Oliver Kazunga, Acting Business Editor
THE world’s second largest platinum producer, Impala Platinum, says there was an improved policy certainty in Zimbabwe and South Africa’s mining sectors last year and this is a right move in luring investors.
Locally, the Johannesburg Stock Exchange-listed firm owns the country’s biggest platinum miner, Zimplats in Mashonaland West and Mimosa Mining Company in the Midlands.
In its 2019 integrated report, Impala Platinum (Implats) noted that the socio-political context in Zimbabwe and South Africa remains dynamic as there has been “considerably” more regulatory certainty compared to prior years.
“The socio-political context in the countries in which we operate – South Africa and Zimbabwe – remains dynamic. There is considerably more regulatory certainty in both jurisdictions than in prior reporting years.
“Mining Charter III has provided a level of certainty in some aspects of South African mining policy, while in Zimbabwe the indigenisation policy has been relaxed,” said the mining group.
Since the coming into power of the new political order in November 2017, the Government has pledged to attract foreign direct investment through embracing the necessary economic reforms.
Last year, the Government scrapped the 51/49 percent shareholding threshhold for platinum and diamond mining to allow investors to own 100 percent of any business in the sector.
Prior to liberalisation of all mining investments and the scrapping of the indeginisation regulations, there have been concerns that the policy caused bottlenecks which were a headache to many investors under the former President Mugabe era.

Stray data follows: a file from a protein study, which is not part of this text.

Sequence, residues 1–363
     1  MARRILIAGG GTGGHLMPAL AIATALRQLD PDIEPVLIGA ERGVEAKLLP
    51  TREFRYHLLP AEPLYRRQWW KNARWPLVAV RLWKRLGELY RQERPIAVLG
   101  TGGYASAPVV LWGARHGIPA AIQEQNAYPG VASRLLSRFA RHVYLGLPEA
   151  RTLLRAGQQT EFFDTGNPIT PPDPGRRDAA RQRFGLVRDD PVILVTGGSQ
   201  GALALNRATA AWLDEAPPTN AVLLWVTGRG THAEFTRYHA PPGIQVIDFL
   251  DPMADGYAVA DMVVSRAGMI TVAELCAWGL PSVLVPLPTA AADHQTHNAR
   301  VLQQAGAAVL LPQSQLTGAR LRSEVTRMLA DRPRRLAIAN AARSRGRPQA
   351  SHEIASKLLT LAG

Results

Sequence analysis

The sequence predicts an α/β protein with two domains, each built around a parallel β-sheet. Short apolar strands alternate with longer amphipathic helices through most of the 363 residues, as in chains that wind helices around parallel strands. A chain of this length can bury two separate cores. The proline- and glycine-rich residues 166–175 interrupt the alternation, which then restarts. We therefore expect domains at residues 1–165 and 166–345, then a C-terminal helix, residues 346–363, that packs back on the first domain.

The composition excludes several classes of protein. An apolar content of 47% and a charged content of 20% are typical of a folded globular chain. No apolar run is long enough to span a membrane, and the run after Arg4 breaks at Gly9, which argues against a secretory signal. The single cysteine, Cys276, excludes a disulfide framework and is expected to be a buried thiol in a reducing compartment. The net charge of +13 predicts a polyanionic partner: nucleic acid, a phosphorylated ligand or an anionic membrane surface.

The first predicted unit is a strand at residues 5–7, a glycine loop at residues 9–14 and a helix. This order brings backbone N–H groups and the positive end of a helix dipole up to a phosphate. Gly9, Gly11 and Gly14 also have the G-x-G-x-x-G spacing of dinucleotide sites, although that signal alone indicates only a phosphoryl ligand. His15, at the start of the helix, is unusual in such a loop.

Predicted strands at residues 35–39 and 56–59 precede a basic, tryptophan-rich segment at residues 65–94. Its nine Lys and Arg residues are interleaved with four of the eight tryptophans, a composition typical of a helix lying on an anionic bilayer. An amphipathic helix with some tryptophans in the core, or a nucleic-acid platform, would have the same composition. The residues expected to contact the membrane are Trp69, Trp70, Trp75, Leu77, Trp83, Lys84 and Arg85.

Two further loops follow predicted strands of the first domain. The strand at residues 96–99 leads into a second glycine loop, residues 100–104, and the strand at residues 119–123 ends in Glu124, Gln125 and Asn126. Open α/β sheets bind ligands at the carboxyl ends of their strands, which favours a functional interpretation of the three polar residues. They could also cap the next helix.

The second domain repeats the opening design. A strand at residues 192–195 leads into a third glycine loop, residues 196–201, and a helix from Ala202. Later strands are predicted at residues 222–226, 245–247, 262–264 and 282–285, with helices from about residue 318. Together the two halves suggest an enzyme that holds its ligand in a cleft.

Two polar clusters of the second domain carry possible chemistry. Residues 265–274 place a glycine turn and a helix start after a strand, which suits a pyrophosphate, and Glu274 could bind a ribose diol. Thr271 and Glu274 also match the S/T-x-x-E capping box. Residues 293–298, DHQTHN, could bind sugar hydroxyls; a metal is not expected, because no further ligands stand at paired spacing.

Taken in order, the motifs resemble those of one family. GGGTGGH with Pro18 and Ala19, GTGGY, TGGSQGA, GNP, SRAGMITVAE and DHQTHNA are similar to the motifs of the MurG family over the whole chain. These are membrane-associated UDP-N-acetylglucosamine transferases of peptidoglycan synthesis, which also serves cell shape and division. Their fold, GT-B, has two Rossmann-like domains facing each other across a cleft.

“In Zimbabwe, the relaxation of the indigenisation policy has encouraged some investment inflows, while a proposed 15 percent tax on unrefined platinum exports was suspended until the end of 2022.
“In addition, during financial year 2019, Zimplats operated for its first year under the conditions of new converted mining rights and normalised tax provisions,” said Implats in the 2019 integrated report.
The Government suspended plans to effect a 15 percent tax on raw platinum exports by January 2022 following a commitment by platinum miners to set up credible refinery plants and capital inflows within the sector.
In the past, Zimbabwe intended to introduce a 15 percent tax on raw platinum exports to compel mining firms to promote beneficiation of the mineral as it had been noted that the country was losing a lot of revenue through exporting unprocessed platinum.
Following Government’s call for platinum producers to promote beneficiation, platinum miners, Unki, Mimosa, and Zimplats agreed to set up platinum refineries at their respective mining sites while at the same time pooling resources together to construct a bigger processing plant at Zimplats in Mhondoro-Ngezi.
In the 2019 integrated report, the mining group said:
“Implats has established good relations with the South African government, and mining companies, working through the industry association, Minerals Council South Africa, are engaging in constructive dialogue to come to mutually beneficial outcomes in terms of sticking points in Mining Charter III.”
It said it remains committed to collaborating with all stakeholders to ensure an attractive and sustainable industry.
“We fully support the South African and Zimbabwean governments’ aspirations to grow and transform their mining industries.
“We continue to engage at all levels in both countries to encourage the growth and predictability necessary to ensure Implats continues its significant contribution to economic growth in South Africa and Zimbabwe,” said Implats.
On the outlook, Implats said Zimbabwe and South Africa have seen positive legislative changes during the year under review and it had meaningful and fruitful dialogue with leaders in the two countries.
“However, the economic crisis in Zimbabwe, together with muted economic prospects for South Africa, have implications for companies operating in both countries,” said the mining group.
Meanwhile, in the quarter ended December 31, 2019, Zimplats’ six elements (6E) production was 115 908 ounces reflecting an 18 percent decrease if compared to the same period in the prior year.
The 6E are platinum, palladium, gold, rhodium, ruthenium and iridium. – @okazunga.